Thomas Fan Files Opposition to NBA’s Motion to Dismiss NBA Top Shot Lawsuit

News | June 12, 2024 By:

On Friday, May 31, 2024, Thomas Fan filed an opposition to the National Basketball Association’s (NBA) motion to dismiss his lawsuit in the US District Court for the Northern District of California. Fan claims that the NBA and Dapper Labs, the company behind the popular NBA Top Shot platform, formed a joint venture or partnership to create and operate the blockchain-based collectible highlights platform.

In his opposition filing, Fan argues that the relationship between the NBA and Dapper Labs extended well beyond a typical intellectual property licensing agreement. Fan alleges that the NBA contributed significant amounts of its intellectual property, brand and goodwill to help develop and promote the NBA Top Shot platform. NBA Commissioner Adam Silver is quoted stating that NBA Top Shot “is not some virtual world: it’s the NBA.”

Fan also claims that the NBA took an active role in controlling and guiding the strategic direction of NBA Top Shot. The filing states that the NBA had approval rights over key business decisions and meaningful input into discussions about the platform’s operations. Additionally, the NBA reportedly collected personal user data from the NBA Top Shot website for its own commercial purposes.

From a financial perspective, Fan argues that the NBA shared in both the profits and risks of NBA Top Shot through a profit-sharing model. Specifically, the NBA received a percentage of sales revenues from the platform. Since the NBA’s compensation was tied directly to the success of the business, the filing states that the NBA also shared in any potential losses. There is also an allegation that the NBA received equity ownership in Dapper Labs.

Legally, Fan asserts that several past court cases have held that video or digital content production partnerships can qualify as joint ventures – even if the parties attempt to disclaim that status contractually. One such case involved an agreement to produce and syndicate a TV show. Fan argues the nature of the NBA and Dapper Labs’ relationship reveals their intent to jointly develop and promote NBA Top Shot as a new platform, rather than maintaining an arms-length licensing deal.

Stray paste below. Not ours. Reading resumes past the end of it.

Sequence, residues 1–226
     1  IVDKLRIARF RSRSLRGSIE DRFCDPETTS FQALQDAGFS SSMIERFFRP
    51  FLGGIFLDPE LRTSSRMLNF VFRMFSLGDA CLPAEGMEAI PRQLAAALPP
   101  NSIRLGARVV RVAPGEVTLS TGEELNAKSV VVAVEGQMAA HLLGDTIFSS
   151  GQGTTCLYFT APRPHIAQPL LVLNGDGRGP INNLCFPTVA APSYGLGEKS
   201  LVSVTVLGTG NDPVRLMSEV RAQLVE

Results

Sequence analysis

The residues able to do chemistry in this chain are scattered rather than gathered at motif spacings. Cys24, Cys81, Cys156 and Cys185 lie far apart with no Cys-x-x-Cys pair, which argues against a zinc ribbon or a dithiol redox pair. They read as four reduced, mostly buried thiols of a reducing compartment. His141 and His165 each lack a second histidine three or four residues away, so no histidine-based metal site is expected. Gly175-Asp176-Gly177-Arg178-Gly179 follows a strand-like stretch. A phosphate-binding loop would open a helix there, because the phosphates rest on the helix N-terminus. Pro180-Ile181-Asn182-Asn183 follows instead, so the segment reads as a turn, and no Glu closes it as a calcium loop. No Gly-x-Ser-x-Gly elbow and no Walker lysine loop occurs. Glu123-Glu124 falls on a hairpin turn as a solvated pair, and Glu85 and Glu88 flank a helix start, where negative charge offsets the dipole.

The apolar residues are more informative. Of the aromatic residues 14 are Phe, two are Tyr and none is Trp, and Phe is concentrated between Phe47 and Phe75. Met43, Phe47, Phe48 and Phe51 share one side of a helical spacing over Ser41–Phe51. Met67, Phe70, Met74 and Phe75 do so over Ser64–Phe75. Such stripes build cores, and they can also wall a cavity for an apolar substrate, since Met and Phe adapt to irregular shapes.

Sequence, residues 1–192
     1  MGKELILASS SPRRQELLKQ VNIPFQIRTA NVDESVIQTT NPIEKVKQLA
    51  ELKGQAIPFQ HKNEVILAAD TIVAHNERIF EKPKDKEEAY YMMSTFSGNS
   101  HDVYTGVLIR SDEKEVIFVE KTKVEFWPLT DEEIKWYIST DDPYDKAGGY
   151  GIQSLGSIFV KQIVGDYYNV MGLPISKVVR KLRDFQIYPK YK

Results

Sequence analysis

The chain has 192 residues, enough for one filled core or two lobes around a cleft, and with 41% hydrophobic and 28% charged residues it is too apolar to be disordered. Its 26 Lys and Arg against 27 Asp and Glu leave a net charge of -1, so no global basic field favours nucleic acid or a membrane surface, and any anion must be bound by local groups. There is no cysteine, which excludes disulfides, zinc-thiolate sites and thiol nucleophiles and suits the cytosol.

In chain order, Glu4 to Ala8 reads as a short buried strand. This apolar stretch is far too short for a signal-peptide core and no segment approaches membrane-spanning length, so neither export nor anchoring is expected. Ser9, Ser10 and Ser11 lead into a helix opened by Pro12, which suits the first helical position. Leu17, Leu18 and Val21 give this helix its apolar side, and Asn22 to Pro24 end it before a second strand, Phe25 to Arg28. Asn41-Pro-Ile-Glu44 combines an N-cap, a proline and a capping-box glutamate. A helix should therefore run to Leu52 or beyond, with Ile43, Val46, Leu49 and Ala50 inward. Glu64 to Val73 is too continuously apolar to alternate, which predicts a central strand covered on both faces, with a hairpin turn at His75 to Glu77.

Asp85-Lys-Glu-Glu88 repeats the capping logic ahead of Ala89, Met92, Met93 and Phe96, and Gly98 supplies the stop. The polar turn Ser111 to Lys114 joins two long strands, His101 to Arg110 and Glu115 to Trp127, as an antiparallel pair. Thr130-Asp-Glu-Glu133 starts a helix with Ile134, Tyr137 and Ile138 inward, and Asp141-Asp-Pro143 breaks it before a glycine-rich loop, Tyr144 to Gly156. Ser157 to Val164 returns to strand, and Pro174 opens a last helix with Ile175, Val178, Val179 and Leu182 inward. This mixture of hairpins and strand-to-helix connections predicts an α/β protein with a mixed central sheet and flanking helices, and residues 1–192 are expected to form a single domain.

In its motion to dismiss, the NBA argues that the parties’ agreement expressly disclaims the existence of any partnership or joint venture. It also claims the compensation it receives should be viewed simply as a royalty agreement for use of its intellectual property, citing the 2003 Dinaco v. Time Warner case. However, Fan’s opposition argues the NBA’s conduct and level of involvement in NBA Top Shot extended far beyond a typical IP licensing setup.

Fan concludes by stating the totality of evidence – including the NBA’s promotion efforts, financial stake, and active management role – is enough to plausibly allege intent by the parties to act as joint venturers under California law. As the case involves interpretation of the parties’ intentions based on their conduct, Fan argues these are questions of fact that should not be resolved at the motion to dismiss stage.

Please contact BlockTribune for access to a copy of this filing.